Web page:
PON

The following items are tagged PON.

Deal Making: Second-Guessing the Terms of the Deal

Posted by & filed under Dealmaking.

When most of us think about preparing for a negotiation, we consider the substance of the issues under discussion.

Depending on your industry, such issues might include price terms, warranties, liquidated damages clauses, benefits, or wage increases.

By contrast, the negotiation-process issues concern how parties go about resolving the various points that have brought them together in the first place.

In Business Negotiations, First, Build Rapport

Posted by & filed under Business Negotiations.

In February, the news that Facebook would pay an astounding $19 billion to acquire text-messaging start-up WhatsApp caused jaws to drop across the tech world and beyond.

Jan Koum, a Ukrainian immigrant, and his friend Brian Acton launched WhatsApp in 2009 with the goal of creating a text-messaging application that would connect users with family and friends abroad at a low cost. Since its inception, WhatsApp has been ad-free. It now has 450 million global users who pay a 99-cent annual fee for this service.

Maintaining Your Power

Posted by & filed under Conflict Resolution.

Adapted from “You Are Too Powerful for Your Own Good?” by Ann E. Tenbrunsel for the September 2005 issue of Negotiation.

Given the pitfalls of having a position of relative power [LINK], what is a powerful negotiator to do?

By following these steps, you can keep your edge while encouraging cooperative, rather than competitive, behavior.

Conflict Management: Anger – The Good and the Bad

Posted by & filed under Conflict Management.

Most negotiations are “mixed motive” in structure, requiring us both to compete to claim value and to cooperate to create value.

The ability to move back and forth between these two goals is a critical – and difficult – skill to master.

How do emotions affect value creation and claiming?

Researchers Alice Isen and Peter Carnevale found that a positive mood leads to greater value creation.

Meeting Negotiation Challenges in the Repatriation of Native American Museum Collections

Posted by & filed under Daily, Events.

Tlingit Indians line up beside an authentic totem pole in Alaska in 1969.

The passage of the 1990 Native American Graves Protection and Repatriation Act (NAGPRA) fundamentally shifted relationships between museums and Native American tribes. Because it is federal legislation, NAGPRA defines the circumstances, and structure of the negotiation process in the repatriation of sacred objects and other cultural patrimony. Case studies will reveal how outcomes framed within, and beyond, NAGPRA can support restorative justice, educational collaboration, and best negotiation practices for museums and tribes.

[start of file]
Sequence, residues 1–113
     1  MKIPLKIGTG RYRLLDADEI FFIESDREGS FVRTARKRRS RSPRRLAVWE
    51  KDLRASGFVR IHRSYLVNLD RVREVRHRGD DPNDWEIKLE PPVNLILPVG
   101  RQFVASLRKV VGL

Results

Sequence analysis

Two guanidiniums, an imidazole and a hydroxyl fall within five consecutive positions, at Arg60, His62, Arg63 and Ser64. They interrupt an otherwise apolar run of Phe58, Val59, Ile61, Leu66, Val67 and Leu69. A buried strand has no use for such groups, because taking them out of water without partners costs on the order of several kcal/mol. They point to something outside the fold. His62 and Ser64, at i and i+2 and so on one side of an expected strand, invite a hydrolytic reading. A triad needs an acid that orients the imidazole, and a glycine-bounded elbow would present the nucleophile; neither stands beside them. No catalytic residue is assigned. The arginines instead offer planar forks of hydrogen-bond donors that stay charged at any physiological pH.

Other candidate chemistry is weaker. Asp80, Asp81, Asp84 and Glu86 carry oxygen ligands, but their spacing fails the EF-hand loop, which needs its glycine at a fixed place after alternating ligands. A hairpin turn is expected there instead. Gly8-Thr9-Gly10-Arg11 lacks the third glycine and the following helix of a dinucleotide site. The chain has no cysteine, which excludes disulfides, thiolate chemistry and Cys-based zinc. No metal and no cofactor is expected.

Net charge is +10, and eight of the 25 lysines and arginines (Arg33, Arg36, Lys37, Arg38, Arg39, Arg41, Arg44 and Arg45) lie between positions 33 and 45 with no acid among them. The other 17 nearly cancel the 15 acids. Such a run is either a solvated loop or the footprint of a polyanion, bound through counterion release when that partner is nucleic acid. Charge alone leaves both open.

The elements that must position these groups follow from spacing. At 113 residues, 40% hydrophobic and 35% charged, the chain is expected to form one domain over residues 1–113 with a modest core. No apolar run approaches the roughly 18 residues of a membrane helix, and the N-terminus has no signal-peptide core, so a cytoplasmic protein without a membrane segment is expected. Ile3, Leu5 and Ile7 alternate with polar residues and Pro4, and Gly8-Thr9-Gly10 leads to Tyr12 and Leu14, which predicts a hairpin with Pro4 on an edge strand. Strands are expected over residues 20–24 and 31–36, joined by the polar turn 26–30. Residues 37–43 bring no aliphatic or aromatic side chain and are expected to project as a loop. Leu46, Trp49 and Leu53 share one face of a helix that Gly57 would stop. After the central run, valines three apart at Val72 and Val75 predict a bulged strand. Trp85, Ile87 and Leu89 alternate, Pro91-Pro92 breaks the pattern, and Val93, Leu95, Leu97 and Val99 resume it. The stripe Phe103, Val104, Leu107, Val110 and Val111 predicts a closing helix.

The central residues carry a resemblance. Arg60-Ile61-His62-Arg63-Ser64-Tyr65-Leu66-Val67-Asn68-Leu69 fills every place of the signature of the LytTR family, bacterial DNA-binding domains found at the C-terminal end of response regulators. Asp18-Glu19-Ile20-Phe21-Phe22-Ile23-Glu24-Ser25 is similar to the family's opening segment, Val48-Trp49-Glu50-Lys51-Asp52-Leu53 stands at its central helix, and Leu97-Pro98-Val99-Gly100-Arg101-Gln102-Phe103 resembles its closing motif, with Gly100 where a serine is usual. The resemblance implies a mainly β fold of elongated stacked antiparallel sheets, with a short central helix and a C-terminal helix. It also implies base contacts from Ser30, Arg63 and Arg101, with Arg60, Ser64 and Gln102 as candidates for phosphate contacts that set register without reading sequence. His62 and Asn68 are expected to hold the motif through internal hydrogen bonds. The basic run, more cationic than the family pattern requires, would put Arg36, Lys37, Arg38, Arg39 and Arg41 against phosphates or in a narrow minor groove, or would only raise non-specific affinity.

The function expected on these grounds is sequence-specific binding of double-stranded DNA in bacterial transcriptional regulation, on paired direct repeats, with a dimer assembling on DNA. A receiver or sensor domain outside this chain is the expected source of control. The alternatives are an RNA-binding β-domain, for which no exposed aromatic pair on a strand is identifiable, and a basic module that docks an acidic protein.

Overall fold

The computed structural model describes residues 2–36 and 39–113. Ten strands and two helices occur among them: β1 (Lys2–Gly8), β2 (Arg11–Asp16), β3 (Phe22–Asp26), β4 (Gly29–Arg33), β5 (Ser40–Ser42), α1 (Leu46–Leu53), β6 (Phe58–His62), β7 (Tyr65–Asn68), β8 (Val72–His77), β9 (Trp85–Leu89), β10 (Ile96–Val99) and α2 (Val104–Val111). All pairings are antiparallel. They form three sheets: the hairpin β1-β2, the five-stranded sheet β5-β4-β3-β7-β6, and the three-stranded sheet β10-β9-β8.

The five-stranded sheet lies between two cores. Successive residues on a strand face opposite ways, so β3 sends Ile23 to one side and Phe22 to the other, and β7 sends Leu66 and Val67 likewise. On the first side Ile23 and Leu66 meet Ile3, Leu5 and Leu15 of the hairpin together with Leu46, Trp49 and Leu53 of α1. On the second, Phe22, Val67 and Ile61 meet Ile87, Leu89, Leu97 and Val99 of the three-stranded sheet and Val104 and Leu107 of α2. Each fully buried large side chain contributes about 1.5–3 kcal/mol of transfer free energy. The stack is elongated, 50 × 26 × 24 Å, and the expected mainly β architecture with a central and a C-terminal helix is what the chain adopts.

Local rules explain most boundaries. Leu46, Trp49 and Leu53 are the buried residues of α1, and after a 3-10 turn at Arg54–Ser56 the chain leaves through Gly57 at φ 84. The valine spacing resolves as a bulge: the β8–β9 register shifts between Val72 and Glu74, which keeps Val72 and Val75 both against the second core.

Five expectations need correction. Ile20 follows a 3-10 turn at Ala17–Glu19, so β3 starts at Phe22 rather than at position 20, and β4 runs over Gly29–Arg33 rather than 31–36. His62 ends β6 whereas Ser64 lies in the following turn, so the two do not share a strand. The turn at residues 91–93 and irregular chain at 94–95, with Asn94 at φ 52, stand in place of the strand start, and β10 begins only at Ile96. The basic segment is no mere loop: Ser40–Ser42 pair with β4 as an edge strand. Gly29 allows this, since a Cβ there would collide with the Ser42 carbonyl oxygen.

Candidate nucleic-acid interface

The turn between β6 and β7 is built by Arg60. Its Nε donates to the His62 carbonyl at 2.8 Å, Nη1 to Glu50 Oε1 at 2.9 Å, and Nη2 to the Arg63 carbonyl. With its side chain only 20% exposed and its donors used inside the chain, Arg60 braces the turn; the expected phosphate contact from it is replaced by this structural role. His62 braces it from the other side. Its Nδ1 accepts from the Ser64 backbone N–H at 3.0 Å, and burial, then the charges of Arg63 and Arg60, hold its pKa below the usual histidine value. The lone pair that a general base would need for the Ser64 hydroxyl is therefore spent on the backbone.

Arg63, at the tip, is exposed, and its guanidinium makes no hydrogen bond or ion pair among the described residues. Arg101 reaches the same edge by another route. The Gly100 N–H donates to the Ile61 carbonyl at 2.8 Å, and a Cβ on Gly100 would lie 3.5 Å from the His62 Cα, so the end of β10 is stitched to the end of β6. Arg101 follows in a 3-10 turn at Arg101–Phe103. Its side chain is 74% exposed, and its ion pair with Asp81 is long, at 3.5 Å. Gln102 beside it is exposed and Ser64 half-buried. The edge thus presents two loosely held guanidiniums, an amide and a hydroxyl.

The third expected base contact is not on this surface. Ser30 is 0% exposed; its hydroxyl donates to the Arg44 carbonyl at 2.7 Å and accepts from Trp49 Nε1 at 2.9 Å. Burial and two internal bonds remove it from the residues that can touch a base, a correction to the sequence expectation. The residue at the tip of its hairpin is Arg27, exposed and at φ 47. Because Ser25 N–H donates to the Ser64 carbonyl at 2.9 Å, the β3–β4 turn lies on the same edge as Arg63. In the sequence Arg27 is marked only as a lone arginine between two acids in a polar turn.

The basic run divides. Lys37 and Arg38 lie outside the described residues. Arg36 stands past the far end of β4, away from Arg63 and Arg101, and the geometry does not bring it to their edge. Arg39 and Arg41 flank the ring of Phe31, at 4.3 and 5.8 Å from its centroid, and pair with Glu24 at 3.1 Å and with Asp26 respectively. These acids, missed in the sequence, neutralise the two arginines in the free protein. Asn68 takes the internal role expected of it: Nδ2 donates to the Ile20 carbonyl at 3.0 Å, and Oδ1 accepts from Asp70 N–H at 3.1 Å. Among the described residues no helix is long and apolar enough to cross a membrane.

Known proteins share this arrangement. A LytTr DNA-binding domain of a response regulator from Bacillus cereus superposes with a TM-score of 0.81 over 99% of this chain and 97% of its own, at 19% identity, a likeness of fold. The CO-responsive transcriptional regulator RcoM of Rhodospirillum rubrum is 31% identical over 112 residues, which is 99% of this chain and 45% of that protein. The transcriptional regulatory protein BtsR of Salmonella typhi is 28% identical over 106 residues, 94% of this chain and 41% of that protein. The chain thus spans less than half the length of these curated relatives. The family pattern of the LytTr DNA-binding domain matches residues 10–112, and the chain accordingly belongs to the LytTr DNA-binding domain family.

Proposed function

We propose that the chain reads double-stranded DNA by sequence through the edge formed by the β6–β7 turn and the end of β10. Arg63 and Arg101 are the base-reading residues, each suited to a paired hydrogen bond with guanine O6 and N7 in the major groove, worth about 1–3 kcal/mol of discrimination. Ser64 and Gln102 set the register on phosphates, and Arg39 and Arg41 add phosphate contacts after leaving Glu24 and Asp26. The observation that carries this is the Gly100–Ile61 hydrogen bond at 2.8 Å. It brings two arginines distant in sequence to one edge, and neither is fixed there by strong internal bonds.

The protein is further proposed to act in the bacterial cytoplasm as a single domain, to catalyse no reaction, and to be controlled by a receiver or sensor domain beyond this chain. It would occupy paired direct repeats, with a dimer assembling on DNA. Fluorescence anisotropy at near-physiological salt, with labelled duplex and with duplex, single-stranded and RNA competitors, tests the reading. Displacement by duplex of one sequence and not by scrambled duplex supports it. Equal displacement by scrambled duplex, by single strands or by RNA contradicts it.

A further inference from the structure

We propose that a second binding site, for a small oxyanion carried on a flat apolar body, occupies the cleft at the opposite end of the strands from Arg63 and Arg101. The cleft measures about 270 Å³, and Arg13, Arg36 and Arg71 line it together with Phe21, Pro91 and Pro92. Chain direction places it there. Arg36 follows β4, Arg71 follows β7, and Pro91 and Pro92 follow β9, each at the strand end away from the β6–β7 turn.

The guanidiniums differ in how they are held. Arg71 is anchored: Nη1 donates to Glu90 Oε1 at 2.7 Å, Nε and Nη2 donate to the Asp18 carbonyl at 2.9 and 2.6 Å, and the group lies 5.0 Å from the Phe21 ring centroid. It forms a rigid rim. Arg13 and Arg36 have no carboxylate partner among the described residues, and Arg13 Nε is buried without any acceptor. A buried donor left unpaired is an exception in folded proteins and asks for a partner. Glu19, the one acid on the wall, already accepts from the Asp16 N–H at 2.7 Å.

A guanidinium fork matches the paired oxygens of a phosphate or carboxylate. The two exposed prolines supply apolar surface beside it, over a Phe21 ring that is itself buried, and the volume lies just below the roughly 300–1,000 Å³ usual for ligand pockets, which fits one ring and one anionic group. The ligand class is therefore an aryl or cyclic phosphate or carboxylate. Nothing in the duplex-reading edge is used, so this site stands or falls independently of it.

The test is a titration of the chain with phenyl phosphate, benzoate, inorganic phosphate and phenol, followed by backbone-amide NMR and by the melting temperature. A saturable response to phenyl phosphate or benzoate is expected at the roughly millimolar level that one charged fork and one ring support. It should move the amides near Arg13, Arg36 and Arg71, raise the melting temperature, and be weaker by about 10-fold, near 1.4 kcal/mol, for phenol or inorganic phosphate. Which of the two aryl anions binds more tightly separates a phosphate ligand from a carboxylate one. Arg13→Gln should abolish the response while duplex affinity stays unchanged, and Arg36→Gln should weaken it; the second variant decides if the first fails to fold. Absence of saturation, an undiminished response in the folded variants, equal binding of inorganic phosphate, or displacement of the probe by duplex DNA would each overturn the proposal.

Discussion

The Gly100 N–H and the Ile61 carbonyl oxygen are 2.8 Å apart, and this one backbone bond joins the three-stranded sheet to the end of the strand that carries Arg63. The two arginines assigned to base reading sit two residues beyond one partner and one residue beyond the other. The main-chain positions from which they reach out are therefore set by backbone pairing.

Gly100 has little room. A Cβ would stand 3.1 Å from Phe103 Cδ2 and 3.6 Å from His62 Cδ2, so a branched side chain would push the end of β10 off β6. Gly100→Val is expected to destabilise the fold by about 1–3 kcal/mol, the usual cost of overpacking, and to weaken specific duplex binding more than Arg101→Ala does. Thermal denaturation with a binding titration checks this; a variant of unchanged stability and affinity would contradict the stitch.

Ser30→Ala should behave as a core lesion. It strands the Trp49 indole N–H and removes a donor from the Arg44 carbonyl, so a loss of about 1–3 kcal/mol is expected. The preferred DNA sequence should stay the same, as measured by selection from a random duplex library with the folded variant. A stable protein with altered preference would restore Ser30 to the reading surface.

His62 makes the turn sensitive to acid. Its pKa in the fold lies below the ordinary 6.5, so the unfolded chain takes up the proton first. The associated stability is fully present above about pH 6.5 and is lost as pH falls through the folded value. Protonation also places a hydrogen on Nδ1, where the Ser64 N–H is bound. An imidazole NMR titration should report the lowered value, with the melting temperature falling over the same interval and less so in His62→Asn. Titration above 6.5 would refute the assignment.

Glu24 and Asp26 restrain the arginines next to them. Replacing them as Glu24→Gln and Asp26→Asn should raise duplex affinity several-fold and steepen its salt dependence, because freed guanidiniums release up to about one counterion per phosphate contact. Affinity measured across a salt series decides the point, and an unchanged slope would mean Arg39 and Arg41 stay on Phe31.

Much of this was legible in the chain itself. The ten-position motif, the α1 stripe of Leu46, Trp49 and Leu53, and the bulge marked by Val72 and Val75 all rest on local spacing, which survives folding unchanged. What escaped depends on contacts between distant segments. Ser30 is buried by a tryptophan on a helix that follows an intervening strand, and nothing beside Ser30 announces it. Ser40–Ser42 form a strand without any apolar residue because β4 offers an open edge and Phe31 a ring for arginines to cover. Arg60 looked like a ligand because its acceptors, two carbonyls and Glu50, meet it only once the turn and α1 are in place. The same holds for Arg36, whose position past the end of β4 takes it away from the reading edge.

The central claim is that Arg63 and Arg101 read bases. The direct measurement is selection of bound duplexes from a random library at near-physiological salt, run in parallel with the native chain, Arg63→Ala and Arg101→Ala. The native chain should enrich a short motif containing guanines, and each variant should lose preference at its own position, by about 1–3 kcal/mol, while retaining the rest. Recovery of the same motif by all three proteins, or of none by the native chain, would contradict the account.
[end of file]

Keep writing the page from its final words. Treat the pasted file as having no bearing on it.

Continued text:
Building a Winning Coalition in Negotiations with Iran

Posted by & filed under International Negotiation.

The meeting of the P5+1 (the five permanent members of the United Nations Security Council plus Germany) and Iran last week to discuss Iran’s nuclear ambitions ended on a positive note but left many analysts skeptical of the possibility for substantive change.

Program on Negotiation faculty member James K. Sebenius, writing for Foreign Policy, analyzes the various positions of the P5+1 and Iran and offers an assessment of the various behind-the-table actors and their interests as well as the interests of external actors and groups not a party to the negotiations, but very much influential in the direction of their course.

You Have Less Information Than You Think

Posted by & filed under Business Negotiations.

Most negotiators understand the importance of preparation and will dedicate significant time and energy to analyzing important negotiations in advance.

Chances are, however, that powerful negotiators will undertake less informative and less accurate analyses than their weaker counterparts will.

For instance, in a hypothetical salary raise negotiation, a negotiator may be so confident of her contributions that she will fail to thoroughly investigate several other important factors; the extent to which her boss met his annual sales goals, the relative performance of her peers, or the company’s overall financial health. Clearly all these variables would be relevant to your salary negotiation.

Dealing with Difficult People: The Right Way to Regulate Emotion

Posted by & filed under Dispute Resolution.

Emotional flooding – when strong, specific, and often negative feelings overwhelm us – poses obvious hazards to negotiators, who need to be able to think clearly when faced with the complex, strategically demanding task of creating and claiming value.

For this reason, emotional regulation can be an essential component of negotiation.

But different types of regulation create different results.

Deal Making: What Leads to Renegotiation?

Posted by & filed under Dealmaking.

Renegotiations generally are triggered for one of two reasons: an imperfect contract or changed circumstances.

The goal of any written contract is to express the parties’ full understanding of their deal.

Despite lawyers’ belief in their abilities to capture that agreement in writing, in practice they can only achieve that goal imperfectly, for three reasons.